6. Once the drive is in place, they attempt to access the files, only to be asked for an encryption key for access. Since you had used the highest level of security that the program used (True Crypt, in this case), it could take years in real time to break the encryption. (Defense layer 3)
  7. Let’s say they got lucky and broke it in a matter of weeks and now can access the USB Drive. They start the VM up all happy to see they have finally got you. Only, the VM is encrypted (True Crypt again) and requests a password to start the virtual machine. (Defense layer 4) Again, they get lucky and break the encryption, and finally are able to search your VM to their heart’s content.
  8. Only there is nothing there to incriminate you, since you had keyed True Crypt to use a shadow operating system. (Defense layer 5) I could go on and describe other layers past what we already have done. One thing you need to understand is that they will be able to get to the information, but it will take time. How much time, you ask? I refer you to the following article: http://en.wikipedia.org/wiki/Brute-force_attack So what is the main advantage for DiD (Defense in Depth)? It’s time– the time it will take someone to break into the system is your protection. Be glad we do not live in Great Britain, which has a law on the books to force you to give them any and all passwords to your systems. Even in a situation like that, storing the device and holding the VMs separately from the actual PC, will buy you time. Remember, all the security in the world is useless if you violate your own rules.
    1. Plan the system you will use.
    2. Implement the plan.
    3. Document the plan. (This doesn’t mean write down where your USB drive is, or write down your password!)
    4. Refine and update the system, and plan over time.

      (Another good note to remember: Do not use the same password for each level of the encryption; that will drop the time to break the code astronomically. Once they have one, they have them all in that case.)

      There is yet another use for encrypted removable media. It can be used to move data between groups or individuals in a more secured manner. There is a way of developing a code system for generating the keys used by the software. I’m going to give an example of one of these methods for key generation and sharing. Some one of you will remember from history about code words being used by the Allies in radio transmissions and how random words would have a meaning. What if we could use that method of hiding a key generator in plain sight?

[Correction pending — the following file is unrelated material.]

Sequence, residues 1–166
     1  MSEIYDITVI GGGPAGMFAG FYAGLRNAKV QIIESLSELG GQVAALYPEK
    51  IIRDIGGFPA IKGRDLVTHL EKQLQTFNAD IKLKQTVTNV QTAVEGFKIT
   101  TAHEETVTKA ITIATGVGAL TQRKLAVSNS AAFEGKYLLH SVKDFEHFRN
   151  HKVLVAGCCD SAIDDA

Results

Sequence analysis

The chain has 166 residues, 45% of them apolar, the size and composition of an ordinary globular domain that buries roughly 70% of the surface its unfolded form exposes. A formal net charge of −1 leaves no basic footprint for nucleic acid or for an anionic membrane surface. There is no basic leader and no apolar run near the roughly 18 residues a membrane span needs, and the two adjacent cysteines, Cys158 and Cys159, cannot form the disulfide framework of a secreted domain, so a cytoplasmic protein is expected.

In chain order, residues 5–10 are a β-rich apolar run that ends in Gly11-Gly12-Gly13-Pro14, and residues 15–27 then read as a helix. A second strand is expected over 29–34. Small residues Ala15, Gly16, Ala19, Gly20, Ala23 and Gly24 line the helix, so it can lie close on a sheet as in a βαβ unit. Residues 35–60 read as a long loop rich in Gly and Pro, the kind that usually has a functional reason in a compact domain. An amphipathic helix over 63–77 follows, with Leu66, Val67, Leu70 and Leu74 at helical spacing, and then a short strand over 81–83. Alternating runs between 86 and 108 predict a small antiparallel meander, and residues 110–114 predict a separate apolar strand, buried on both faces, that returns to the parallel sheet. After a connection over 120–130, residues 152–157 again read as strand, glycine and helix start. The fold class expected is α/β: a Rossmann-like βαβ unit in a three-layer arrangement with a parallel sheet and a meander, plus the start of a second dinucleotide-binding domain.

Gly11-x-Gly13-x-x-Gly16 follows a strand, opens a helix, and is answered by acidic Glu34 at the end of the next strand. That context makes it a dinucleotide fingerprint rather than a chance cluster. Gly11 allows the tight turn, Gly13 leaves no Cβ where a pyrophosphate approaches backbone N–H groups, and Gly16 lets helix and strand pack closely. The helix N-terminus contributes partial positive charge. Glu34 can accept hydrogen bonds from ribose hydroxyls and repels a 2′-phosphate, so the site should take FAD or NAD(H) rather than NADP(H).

This will depend on everyone having the same reference point they are using to encrypt/decrypt from. In our case let’s go with the Bill of Rights, which is something most of us have in some form or another. I’m going to keep it easy here; let’s make a key for a wireless router running wpa2. We need a 13-character key to implement the security properly. So on our friendly broadcast, the announcer reads off the 5th amendment of the Bill of Rights. You know from prior planning that the amendment number (5 in this case) +1 is how many characters you count over in the text of the amendment. So in this case that’s every 6th character until the end of the text and then loop back around to the beginning until you have the amount of characters you need (13 in this case). Look at the example below. I have counted out the characters and bolded the ones we need. (Yes, you count punctuation and spaces; however use _ instead of a space. At the end of a line, keep count on the next line.)

      Amendment V:

      No person shall be held_to answer for a capital, or otherwise infamous crime, unless on a presentment or indictment of a grand jury, except in cases arising in the land or naval forces, or in the militia, when in actual service in time of war or public danger; nor shall any person be subject for the same offense to be twice put in jeopardy of life or limb; nor shall be compelled in any criminal case to be a witness against himself, nor be deprived of life, liberty, or property, without due process of law; nor shall private property be taken for public use, without just compensation.

      So in this case our key code would be “rhe_soa,tsaru”.It’s completely random and contains no dictionary words. Yet anyone with the knowledge of the key process could unlock this router. Another candidate could be the King James Bible, where the chapter and verse are the text, and the month could be how many characters you count over. Make it even more interesting, you could plan your generator so that even months count from the start of the verse while odd months count from the end of the verse. The ways of doing this are endless.